• FAQ from My Facebook Recipe Group (41:01)
    • How to Make Crispy French Fries without Deep Frying. Mel has a great recipe on her website: Crispy Oven Baked Sweet Potato Fries. And for anyone who is concerned with the use of the microwave, both Chris Kresser and Sarah Ballantyne have researched the science and give microwaves their thumbs up.
    • How to Make Crispy Chips without Deep Frying. Rachael actually prefers to just buy them. Her favorite brand is Jackson’s Honest Sweet Potato Chips. But if you want to make homemade, she recommends buying an even-thickness white sweet potato. Use a mandoline to slice it 1/8 of an inch thick, and toss the slices in a little oil and your favorite seasoning. Preheat your oven to 400 degrees and place a wire rack on your cookie sheet. Place the chips on top of the rack; this allows air to circulate and help them crisp. Cooking time varies between 15-25 minutes, and if you flip them once it helps them cook more evenly. Be sure to watch them closely. Baked chips can quickly go from crispy to burnt.
  • Cooking Tips for Meat, Seafood and Veggies (47:43)
    • Mel’s Meat Secrets: (1) Seasoning: For every pound of meat, add 3/4 tsp. sea salt and 1/4 tsp. black pepper (omit pepper for AIP). This is the perfect amount of salt to add flavor without being too salty. (2) Boneless Chicken: For  chicken breasts, season with salt and pepper and heat 1-2 tsp. healthy fat in skillet and let it get really hot. Put the smooth side of the chicken breasts down in the pan and let it cook undisturbed for 2-3 minutes. Flip the chicken and let it cook 2-3 minutes on the other side. Then add 1/3 cup water to the pan, cover with lid, bring to a boil and then turn heat down to medium low and let cook 15 minutes. The result is golden, flavorful, tender, juicy chicken. For chicken thighs, season with salt, pepper and garlic powder, throw onto a baking sheet and roast in oven at 425 degrees for 25 minutes. They have more fat and don’t dry out in the oven. (3) Fattier Cuts like pork shoulder, beef chuck roast or leg of lamb: Season with salt and pepper and put in slow cooker overnight on low. The result is fall-apart, tender meat. You can then spread it out on a baking sheet and broil it for just a few minutes to crisp it up. (4) Lean Grass-Fed Steak or Pork Chops: Heat 1-2 tsp. of healthy fat in a skillet and let it get really hot. Sear the meat 2-3 minutes per side. Then put the skillet it in a low oven – about 250 degrees – until cooked to your preference. (5) Quality meat source: US Wellness Meats.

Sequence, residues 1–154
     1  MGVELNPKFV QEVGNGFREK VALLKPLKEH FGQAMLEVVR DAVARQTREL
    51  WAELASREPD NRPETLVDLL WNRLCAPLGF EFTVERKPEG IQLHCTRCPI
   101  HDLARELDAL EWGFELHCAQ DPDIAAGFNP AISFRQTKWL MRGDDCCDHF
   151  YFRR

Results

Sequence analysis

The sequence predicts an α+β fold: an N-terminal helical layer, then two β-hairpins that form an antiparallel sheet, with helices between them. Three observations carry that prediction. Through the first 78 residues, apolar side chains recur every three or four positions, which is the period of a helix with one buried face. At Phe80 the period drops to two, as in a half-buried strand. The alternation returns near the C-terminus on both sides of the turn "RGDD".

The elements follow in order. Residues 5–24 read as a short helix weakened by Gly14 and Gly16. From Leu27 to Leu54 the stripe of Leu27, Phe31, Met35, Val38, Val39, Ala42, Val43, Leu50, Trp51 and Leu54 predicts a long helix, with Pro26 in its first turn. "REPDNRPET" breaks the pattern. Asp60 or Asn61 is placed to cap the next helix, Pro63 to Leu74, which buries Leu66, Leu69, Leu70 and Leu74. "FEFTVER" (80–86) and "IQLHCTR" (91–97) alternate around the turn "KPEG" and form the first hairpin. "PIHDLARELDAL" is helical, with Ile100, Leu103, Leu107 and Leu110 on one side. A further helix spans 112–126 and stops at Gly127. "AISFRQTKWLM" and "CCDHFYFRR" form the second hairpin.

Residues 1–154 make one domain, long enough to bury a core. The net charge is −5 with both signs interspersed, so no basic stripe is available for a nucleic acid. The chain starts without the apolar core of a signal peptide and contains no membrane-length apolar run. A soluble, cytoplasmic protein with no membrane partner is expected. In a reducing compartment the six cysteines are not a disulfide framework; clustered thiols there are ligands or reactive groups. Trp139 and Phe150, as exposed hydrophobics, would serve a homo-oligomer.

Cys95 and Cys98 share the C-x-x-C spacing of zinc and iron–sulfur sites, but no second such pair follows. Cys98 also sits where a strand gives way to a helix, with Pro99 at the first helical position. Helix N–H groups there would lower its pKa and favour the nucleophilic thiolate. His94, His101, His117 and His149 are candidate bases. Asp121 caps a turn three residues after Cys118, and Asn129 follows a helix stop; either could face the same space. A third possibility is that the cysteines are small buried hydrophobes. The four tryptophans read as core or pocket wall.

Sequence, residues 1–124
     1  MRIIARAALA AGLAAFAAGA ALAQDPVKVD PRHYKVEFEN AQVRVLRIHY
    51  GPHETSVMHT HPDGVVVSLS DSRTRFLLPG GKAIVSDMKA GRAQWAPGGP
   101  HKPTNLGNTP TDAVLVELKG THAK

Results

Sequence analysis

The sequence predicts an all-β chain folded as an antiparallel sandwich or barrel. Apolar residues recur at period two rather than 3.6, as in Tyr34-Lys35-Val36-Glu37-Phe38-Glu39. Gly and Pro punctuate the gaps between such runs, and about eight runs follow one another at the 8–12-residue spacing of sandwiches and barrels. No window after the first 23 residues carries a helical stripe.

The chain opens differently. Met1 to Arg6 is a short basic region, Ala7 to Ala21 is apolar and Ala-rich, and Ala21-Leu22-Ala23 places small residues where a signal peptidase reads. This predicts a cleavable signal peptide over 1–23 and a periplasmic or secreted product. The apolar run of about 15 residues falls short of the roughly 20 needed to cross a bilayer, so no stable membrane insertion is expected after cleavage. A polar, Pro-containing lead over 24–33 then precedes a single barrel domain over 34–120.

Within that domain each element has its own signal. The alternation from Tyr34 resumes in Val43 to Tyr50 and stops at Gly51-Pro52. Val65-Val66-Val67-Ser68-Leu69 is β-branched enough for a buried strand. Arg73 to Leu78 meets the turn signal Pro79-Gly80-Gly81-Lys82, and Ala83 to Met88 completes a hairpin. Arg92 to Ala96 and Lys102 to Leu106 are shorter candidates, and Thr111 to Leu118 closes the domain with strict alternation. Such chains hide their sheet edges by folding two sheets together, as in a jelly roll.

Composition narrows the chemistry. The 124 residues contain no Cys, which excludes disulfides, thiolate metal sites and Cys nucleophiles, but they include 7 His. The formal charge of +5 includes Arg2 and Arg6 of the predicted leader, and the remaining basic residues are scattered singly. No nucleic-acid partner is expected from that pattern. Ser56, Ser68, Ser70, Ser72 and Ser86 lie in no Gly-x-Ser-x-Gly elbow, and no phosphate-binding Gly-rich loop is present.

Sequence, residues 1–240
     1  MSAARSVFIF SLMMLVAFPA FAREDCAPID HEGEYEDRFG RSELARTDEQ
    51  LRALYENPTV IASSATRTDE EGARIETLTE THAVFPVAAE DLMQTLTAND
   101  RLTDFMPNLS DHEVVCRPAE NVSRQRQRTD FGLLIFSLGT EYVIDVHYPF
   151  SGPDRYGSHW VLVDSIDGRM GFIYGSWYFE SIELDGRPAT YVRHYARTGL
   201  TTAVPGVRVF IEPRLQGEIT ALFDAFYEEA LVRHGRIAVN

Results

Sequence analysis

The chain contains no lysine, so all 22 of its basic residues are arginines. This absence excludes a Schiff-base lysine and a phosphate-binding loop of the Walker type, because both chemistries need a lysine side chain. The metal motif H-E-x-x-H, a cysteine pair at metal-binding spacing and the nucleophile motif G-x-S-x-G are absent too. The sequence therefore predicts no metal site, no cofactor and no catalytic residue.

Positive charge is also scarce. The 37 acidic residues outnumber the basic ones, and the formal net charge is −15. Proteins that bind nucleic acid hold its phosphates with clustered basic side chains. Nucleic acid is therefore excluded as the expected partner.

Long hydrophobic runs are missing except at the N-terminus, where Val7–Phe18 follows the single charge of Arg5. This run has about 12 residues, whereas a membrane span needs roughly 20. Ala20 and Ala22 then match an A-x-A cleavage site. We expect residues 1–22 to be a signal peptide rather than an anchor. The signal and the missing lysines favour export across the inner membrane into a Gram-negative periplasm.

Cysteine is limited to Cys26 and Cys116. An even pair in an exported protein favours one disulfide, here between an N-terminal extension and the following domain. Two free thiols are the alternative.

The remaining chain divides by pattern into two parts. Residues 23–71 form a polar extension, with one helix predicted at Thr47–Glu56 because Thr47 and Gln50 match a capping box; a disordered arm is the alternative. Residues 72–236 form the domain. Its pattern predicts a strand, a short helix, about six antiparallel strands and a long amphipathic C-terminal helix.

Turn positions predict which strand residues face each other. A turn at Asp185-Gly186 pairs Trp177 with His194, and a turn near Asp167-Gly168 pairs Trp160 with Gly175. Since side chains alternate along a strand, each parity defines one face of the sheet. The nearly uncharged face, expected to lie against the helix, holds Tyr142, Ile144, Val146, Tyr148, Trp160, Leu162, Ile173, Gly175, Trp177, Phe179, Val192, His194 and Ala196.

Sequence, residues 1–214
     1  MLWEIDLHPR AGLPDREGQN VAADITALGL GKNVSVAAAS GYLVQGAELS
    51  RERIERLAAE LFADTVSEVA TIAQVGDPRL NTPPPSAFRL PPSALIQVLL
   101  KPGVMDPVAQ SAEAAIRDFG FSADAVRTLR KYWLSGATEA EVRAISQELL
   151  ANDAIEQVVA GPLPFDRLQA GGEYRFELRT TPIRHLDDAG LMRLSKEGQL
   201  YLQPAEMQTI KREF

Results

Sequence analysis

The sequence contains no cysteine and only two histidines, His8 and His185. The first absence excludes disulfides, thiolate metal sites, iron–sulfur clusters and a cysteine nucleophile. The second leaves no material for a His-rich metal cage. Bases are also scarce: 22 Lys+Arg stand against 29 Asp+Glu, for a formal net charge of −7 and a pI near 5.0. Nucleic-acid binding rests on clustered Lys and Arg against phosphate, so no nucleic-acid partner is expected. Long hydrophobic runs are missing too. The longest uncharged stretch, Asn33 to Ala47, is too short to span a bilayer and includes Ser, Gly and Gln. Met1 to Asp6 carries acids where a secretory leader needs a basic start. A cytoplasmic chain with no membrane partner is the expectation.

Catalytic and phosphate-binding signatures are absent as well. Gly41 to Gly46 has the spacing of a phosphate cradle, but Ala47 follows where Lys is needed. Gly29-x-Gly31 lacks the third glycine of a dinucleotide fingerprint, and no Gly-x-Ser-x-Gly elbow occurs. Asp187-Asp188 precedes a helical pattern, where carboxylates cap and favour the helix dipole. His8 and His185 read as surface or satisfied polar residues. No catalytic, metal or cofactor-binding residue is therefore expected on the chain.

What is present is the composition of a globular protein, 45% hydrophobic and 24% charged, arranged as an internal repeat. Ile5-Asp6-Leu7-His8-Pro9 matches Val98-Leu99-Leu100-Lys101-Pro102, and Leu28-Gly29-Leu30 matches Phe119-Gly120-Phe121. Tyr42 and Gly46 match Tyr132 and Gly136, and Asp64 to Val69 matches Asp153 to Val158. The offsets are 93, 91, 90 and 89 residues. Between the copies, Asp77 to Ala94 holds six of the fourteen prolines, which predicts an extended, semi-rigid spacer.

• Rachael’s Seafood Secrets: (1) She prefers fish with skin attached because if you sear the skin side similarly to meat, it tastes wonderful and is very nutrient-dense. Also the skin seems to protect against overcooking the rest of the fish. (2) When cooking fish in the oven, she places a little bit of fat on top of the fish, adds a simple flavoring like lemon or ginger, and wraps it in parchment paper before baking. (3) For mildly flavored white fish, she likes to top them with a sauce or dressing after cooking. (4) She also loves fish and seafood in soups and stews like Creamy Leek and Salmon Soup, Creamy Cod and Shrimp Chowder or Carrot Ginger Halibut Soup.  (5) Smoked Canned Seafood such as smoked oysters and kippers. They have a unique flavor, are nutrient dense and totally convenient. Rachel likes to heat them up with some sweet potato “rice” and AIP-friendly spices like ginger, cinnamon and turmeric. (6) Quality Seafood Source: Vital Choice Seafood.
    • My A-Z Vegetable Recipe Roundup: Vegetables make up the base of the AIP food pyramid. We’re meant to eat between 6-14 cups daily. This recipe roundup will hopefully inspire you to try some new ones.
  • Meet Laura (1:01:53)
  • General AIP Baking Tips (1:06:24)
    1. Baking is chemistry, and AIP ingredients are so different from standard baking ingredients that it’s natural for there to be a learning curve. Be gracious with yourself as you learn.